Latest DNA repair Stories
When cells find themselves in a tight spot, the cell cycle regulator p21 halts the cell cycle, buying cells time to repair the damage, or if all else fails, to initiate programmed cell death.
A component in soybeans increases radiation's ability to kill lung cancer cells.
Researchers offer the first evidence that DNA damage can lead to the regulation of inflammatory responses, the body's reaction to injury.
The human immunodeficiency virus (HIV), the cause of AIDS, makes use of the base excision repair pathway when inserting its DNA into the host-cell genome.
Research led by Daitoku Sakamuro, PhD, Assistant Professor of Pathology at LSU Health Sciences Center New Orleans and the LSUHSC Stanley S. Scott Cancer Center, has identified a protein that enables the activation of a DNA-repair enzyme that protects cancer cells from catastrophic damage caused by chemo and radiation therapy.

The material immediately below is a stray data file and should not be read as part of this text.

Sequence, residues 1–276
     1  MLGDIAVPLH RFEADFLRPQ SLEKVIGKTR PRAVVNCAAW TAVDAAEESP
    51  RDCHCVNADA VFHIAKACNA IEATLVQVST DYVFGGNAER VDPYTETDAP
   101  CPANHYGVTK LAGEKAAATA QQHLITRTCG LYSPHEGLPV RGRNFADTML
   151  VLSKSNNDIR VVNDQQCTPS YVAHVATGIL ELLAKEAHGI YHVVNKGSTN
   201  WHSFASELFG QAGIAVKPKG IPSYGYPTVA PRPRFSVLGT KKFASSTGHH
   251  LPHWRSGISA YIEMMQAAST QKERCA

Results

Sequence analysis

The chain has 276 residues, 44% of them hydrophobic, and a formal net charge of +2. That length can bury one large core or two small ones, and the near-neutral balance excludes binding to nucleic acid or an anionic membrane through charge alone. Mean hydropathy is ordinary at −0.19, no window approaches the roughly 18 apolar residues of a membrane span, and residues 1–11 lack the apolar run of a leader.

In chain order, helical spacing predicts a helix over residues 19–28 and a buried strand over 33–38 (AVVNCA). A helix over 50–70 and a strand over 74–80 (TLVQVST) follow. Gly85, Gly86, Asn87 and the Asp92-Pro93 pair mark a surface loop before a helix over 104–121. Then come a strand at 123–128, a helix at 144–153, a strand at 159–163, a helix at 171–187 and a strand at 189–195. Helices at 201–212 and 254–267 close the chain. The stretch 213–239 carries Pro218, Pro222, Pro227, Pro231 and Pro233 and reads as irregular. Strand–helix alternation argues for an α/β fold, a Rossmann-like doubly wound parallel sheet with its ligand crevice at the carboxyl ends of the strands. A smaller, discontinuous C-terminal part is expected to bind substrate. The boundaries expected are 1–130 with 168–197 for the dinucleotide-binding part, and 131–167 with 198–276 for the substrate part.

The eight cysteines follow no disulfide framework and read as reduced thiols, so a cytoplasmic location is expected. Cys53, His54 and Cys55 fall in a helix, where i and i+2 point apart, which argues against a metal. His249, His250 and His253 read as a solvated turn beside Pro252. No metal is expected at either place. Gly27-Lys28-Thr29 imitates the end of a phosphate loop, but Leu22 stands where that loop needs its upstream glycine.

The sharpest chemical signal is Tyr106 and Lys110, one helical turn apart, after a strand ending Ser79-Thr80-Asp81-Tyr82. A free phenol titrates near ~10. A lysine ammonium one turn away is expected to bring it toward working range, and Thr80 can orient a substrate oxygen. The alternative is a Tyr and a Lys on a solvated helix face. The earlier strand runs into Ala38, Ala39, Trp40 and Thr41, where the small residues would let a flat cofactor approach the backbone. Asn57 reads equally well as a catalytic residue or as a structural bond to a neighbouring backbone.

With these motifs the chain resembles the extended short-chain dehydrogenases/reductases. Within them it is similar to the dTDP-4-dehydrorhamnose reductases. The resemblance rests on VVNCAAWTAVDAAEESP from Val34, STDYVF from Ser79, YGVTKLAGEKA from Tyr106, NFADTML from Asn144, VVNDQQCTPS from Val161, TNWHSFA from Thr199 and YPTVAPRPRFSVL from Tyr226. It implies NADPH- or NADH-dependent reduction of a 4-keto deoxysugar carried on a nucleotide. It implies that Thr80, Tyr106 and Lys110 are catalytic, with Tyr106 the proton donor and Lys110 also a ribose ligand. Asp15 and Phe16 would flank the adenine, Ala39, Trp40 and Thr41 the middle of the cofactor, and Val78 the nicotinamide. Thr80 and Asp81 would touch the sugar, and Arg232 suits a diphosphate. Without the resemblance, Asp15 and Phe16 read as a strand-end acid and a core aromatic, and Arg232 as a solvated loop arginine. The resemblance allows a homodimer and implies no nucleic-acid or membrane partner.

Dr. Andras Nagy's laboratory at the Samuel Lunenfeld Research Institute of Mount Sinai Hospital and Dr. Timo Otonkoski's laboratory at Biomedicum Stem Cell Center (University of Helsinki), as well as collaborators in Europe and Canada have identified genetic abnormalities associated with reprogramming adult cells to induced pluripotent stem (iPS) cells.
BEVERLY, Mass., March 2, 2011 /PRNewswire/ -- Cellceutix Corporation (Pink Sheets: CTIX) today announced that it has received more data on Kevetrin(TM), the Company's flagship compound for the treatment of cancers.
A cancer-causing retrovirus exploits key proteins in its host cells to extend the life of those cells, thereby prolonging its own survival and ability to spread.
To protect the health of future generations, body keeps a careful watch on its precious and limited supply of eggs.
Researchers from Indiana University-Purdue University Indianapolis (U.S.A) and UmeaÂ° University (Sweden) report in a study published in the February 15, 2011, issue of PLoS Biology that a method by which cells repair breaks in their DNA, known as Break-induced Replication (BIR), is up to 2,800 times more likely to cause genetic mutation than normal cell repair.
- The parings of haberdine; also, any kind of fragments.